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An introduction to translatable strings.

>>> from lino import startup
>>> startup('lino_book.projects.min9.settings')
>>> from lino.api.shell import *

Django uses the gettext system for providing internationalization.

In your application code, you import Django's ugettext() function (usually aliased as _()) and call it on any string that you want the user to see in their language.

>>> from django.utils.translation import gettext as _

If no language is activated, ugettext() just returns the English text:

>>> print(_("January"))

In Lino we usually use the translation.override() context when we want to translate:

>>> from django.utils import translation
>>> with translation.override('fr'):
...     print(_("January"))

How does the ugettext() function know that "January" is "janvier" in French? See inv mm and How to contribute translations.

Note that ugettext() will do the lookup in-place. The following code prints English and not German:

>>> s = _("January")
>>> with translation.override('de'):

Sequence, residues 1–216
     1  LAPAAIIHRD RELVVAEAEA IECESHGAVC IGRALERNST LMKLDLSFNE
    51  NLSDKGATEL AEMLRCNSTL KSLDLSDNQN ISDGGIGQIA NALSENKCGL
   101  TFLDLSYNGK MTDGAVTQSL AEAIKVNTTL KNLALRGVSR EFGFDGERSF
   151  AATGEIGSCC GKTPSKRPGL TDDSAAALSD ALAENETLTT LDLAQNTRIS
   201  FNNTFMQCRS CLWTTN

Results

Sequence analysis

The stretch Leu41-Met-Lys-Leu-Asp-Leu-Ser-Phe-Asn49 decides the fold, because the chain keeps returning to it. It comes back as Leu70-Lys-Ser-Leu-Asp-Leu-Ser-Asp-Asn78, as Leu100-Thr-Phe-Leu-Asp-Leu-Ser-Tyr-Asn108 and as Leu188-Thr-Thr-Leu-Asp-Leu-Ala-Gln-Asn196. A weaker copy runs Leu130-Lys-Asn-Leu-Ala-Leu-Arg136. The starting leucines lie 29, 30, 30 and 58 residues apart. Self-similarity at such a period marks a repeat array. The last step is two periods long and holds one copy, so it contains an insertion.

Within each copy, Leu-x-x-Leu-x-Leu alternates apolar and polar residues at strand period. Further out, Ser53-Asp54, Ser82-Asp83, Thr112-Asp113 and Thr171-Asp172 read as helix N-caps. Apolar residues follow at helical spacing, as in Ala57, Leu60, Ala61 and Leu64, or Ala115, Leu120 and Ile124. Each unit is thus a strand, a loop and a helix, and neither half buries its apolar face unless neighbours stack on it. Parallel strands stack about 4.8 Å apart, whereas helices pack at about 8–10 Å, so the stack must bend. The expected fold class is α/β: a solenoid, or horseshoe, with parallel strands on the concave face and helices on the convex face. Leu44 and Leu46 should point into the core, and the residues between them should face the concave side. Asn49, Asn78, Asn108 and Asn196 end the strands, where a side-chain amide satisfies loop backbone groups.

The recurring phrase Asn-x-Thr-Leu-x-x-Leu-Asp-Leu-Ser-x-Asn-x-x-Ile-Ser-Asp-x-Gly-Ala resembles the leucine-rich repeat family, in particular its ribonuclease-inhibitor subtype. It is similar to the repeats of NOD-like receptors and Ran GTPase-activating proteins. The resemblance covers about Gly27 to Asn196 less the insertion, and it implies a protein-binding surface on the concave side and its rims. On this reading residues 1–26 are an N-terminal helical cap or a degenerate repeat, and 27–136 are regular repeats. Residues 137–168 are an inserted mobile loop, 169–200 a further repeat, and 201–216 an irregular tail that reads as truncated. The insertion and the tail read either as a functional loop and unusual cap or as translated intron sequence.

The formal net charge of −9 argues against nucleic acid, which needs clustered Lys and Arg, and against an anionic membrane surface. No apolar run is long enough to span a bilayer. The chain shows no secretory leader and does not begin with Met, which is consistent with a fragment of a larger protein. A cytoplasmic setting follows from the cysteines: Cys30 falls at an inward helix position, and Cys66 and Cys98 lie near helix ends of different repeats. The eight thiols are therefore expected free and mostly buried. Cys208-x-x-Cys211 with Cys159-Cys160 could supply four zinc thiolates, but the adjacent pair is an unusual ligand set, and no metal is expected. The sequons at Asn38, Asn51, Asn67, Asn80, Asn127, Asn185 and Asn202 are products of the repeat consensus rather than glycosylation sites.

...     print(s)

But Django has a lazy version of ugettext(), which does the lookup only when it is really needed.

>>> from django.utils.translation import gettext_lazy as _
>>> s = _("January")
>>> with translation.override('de'):
...     print(str(s))

This is also the version you get when you say:

from lino.api import _

A lazy translation returned by ugettext_lazy() is actually not a string, it is rather an object that will be translated when needed.

>>> from django.utils.translation import gettext_lazy
>>> from django.utils.translation import gettext
>>> gettext("January").__class__
<class 'str'>
>>> gettext_lazy("January").__class__
<class 'django.utils.functional.lazy.<locals>.__proxy__'>